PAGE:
Schloredt and Coach Owens  photo: courtesy of the Seattle Times

Four of the black players took the courageous stand of saying NO and were immediately kicked off the team.  Keep in mind, these were kids risking scholarships and careers beyond football.  And Jim Owens stature at this time had reached mythical proportions; revered by the white corporate power-structure and establishment with influence rivaling the governor. While the school alumni and downtown crowd cheered Owens actions, all the remaining black players walked off and protests erupted in the Black community.

In the wake of the turmoil and national news coverage and intervention by Gayton, all but one of these players were eventually reinstated.  Two years later in 1971 four other black players left the team.  Following an investigation and recommendations by the Schools regents, Jim Owens hired Ray Jackson as a full-time assistant coach.  It was these protests and the courageous stance of black players that paved the way for a long overdue change not just of the football program but the sports department in general.  Coaches Gayton and Ray Jackson were instrumental in giving a voice to the black players and bringing about these changes.

(The four suspended players in 1969 included Greg Alex who I played with in ’68 went on to found the Matt Talbot Center in 1985 serving those on the streets fighting addiction.  He’s still its Director.  Lamar Hill became an highly regarded attorney and Public Defender.  Ralph Bayard has been an Athletic Director to the University and worked for the Casey Foundation.  Perhaps Harvey Blanks sacrificed the most in terms of a football career as an extremely talented running back who could have played professionally.  He never returned to the team or football but instead became an accomplished actor, Director and playwright.)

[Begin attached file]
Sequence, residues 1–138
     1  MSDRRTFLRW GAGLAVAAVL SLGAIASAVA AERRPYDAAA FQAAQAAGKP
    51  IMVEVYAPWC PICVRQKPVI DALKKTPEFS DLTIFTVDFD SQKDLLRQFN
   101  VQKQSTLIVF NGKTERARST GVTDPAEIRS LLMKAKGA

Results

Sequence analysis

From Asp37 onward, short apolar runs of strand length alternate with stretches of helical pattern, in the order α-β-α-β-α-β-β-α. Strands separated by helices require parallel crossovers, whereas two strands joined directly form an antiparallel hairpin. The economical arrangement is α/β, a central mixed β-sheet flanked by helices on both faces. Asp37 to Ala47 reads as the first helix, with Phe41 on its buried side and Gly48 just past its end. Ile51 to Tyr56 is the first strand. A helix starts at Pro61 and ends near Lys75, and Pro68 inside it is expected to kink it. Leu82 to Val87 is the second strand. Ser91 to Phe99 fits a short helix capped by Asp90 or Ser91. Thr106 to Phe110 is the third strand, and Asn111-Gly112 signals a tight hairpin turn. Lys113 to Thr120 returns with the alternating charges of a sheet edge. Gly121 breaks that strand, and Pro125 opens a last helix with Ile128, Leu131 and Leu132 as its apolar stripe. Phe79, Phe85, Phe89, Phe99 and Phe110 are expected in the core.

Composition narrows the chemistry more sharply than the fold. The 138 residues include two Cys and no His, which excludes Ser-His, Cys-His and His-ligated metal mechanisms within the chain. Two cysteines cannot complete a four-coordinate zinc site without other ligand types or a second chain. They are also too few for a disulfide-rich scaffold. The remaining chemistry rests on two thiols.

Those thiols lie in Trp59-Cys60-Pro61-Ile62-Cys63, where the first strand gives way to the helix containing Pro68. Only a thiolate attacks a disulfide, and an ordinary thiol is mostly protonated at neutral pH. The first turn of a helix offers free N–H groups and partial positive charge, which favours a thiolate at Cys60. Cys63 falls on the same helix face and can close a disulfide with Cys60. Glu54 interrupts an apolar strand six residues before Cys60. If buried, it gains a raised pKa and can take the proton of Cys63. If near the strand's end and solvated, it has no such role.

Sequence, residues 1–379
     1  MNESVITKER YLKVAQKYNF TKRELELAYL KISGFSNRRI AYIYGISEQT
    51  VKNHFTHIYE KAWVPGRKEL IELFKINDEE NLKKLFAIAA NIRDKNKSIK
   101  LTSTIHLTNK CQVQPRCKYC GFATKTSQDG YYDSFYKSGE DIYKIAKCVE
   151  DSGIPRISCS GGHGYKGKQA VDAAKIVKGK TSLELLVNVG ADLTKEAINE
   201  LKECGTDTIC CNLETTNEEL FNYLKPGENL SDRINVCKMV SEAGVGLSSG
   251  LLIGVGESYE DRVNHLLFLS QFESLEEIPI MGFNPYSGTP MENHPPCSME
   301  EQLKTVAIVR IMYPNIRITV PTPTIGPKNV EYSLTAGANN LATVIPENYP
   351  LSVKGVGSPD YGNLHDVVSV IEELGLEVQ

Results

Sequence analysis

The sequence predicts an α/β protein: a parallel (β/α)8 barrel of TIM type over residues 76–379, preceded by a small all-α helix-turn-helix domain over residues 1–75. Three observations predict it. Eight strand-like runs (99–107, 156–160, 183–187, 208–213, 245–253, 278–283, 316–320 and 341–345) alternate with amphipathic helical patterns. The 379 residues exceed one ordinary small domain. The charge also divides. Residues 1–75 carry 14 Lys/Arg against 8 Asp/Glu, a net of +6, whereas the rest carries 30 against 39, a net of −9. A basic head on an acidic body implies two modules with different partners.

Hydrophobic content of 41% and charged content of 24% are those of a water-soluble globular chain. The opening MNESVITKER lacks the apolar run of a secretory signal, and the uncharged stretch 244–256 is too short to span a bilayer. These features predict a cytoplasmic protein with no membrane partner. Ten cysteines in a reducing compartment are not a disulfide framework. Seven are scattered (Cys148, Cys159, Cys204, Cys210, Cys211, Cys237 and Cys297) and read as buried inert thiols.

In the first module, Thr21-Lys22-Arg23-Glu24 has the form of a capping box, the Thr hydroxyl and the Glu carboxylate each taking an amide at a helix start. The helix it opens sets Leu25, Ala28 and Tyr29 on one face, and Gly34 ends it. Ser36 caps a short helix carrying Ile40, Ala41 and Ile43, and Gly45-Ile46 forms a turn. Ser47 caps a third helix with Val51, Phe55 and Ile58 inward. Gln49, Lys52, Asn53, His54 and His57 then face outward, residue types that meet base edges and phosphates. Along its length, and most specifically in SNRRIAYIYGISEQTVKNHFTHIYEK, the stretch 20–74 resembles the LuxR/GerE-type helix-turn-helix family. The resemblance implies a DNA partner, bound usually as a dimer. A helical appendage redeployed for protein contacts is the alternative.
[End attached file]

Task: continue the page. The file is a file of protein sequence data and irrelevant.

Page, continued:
In the early 70s Sonny Sixkiller came along to quarterback the Huskies and almost single-handedly elevated Husky football to national prominence again. Owens altered his run-first and run-some-more style to accommodate Sixkiller’s passing prowess.  He and a few other talented players including All American Calvin Jones (another black player who later left the team in protest but then returned and who I also played with in ’68); it was their talent that gave Owens over the last three or four years of his tenure a level of success, allowing him to retire with his reputation largely in tact.  (When wealthy Alumni dedicated a statute to Owens in 2003, a number of his former black players made sure Owen’s treatment of black players resurfaced – for more on this see links below)

Ray Jackson, Carver Gayton, Junior Coffey, George Flemming, Joe Jones, Charlie Mitchell, Charlie Browning, Harvy Blanks, Greg Alex, Lamar Mills, Ralph Bayard, Donny Moore, Calvin Jones, and others; these pioneering black ball players (and Jackson and Gayton as coaches) who stood up during the Coach Owens era played a critical role in reshaping the football program.  Some of whom later would tell of being ‘platooned’ – required to share time on the field with white players of lesser caliber because they were black.  Others told of being ‘stacked’ at the same position with other black players so whites could play more.  Another tells of drug injections to cover his injuries so he could play. Apparently all this also was part of Owen’s ‘old school’ approach that was done away with thanks to these folks.  (see links below for more on these accounts)

Unlike Coach Owens, not one of these ball players has a statue in front of Husky Stadium marking their contribution as early pioneers in the fight for racial equality on the field and in our community.  They deserve it.  Among these Husky legends, I am especially grateful for my direct experience with ‘Coach Jackson’.  Thank you Ray.  I’ll always remember you.

 John Fox, Coordinator Seattle Displacement Coalition (reprinted from April edition of City Living and other Pacific Publishing newspapers
* To read Carver Gayton’s perspective on the era of Jim Owens football and whether or not Owens was deserving of the statute that now stands at Husky Stadium  http://www.historylink.org/File/5745
* For more on how Husky running back Donny Moore was treated in the Owens era including use of drug injections to keep him on the field, platooning he faced, then kicked off the team for drinking while boozing white players went unpunished: https://www.seattlepi.com/news/article/Whatever-happened-to-Husky-football-player-Don-1121853.php
* And here’s Harvy Blanks account of the Owens era, whether Owens deserved a statute, and being “stacked” behind other black ball players at the same position so more white players could play: http://community.seattletimes.nwsource.com/archive/?date=20031031&slug=blanks31

About John V. Fox

Director, Seattle Displacement Coalition